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Graduate students

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Thomas THÉRY

For his PhD, Thomas studies the evolution and speciation of Essigella, an aphid genus found on conifers, especially true pines. All the species are North American, but one, Essigella californica (Essig), is now established in several other countries causing significant loss in plantations. Among other methods, Thomas uses mitochondrial and nuclear DNA sequence data, as well as that of the obligate bacterial symbiont, Buchnera aphidicola (Wikipedia).

Elisée Emmanuel DABRÉ

Arbuscular mycorrhizal fungi (AMF) form a symbiosis with nearly 80% of plant species in a win-win partnership; they are sometimes used as living fertilizers in agricultural systems because of their effects on plant growth and nutrition. By modifying the physiology and chemistry of plants, the fungus can indirectly influence higher trophic levels, in particular the performance of phytophagous insects and their natural enemies (parasitoids and predators), pollinating insects, and more generally the composition of the insect community in ecosystems. Elisée’s PhD project is to measure the effects on insect diversity in an agricultural system inoculated with AMF. He will (i) make an inventory of insects on carrot and soybean inoculated with AMF in the field; (ii) evaluate the effects of AMF on the soybean aphid, Aphis glycines Matsumura and (iii) assess the impact of AMF on ants and aphids mutualism through the quality of honeydew.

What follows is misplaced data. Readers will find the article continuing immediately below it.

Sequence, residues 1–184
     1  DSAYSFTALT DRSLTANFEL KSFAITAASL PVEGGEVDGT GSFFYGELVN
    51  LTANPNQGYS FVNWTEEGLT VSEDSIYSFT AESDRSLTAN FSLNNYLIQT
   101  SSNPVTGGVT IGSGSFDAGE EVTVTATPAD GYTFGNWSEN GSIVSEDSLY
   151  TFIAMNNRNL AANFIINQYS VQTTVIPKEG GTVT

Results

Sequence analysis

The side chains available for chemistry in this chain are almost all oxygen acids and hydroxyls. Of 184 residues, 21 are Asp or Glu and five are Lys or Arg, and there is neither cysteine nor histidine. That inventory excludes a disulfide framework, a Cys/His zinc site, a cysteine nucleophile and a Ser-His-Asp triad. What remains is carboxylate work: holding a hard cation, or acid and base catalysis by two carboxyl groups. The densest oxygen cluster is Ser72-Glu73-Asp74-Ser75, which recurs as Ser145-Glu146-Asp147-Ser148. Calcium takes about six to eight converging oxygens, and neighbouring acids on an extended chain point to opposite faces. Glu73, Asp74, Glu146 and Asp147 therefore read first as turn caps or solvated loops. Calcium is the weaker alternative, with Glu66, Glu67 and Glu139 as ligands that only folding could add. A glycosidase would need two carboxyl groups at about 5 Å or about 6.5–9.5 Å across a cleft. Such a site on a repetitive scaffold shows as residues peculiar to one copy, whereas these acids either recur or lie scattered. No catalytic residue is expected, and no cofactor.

Date palm cultivation is a national agricultural priority in Djibouti but, new palm plantations have been subject to a growing number of pest species of insects and mites. Adwa’s MSc project seeks to evaluate and inventory the insect fauna of Djibouti’s date palms.

Our graduates

Alexandre LEBLANC

Received his MSc at the end of 2016, on the ecology of parasitoids (Wikipedia) and hyperparasitoids (Wikipedia) of the soybean aphid. His primary research advisor was Jacques Brodeur.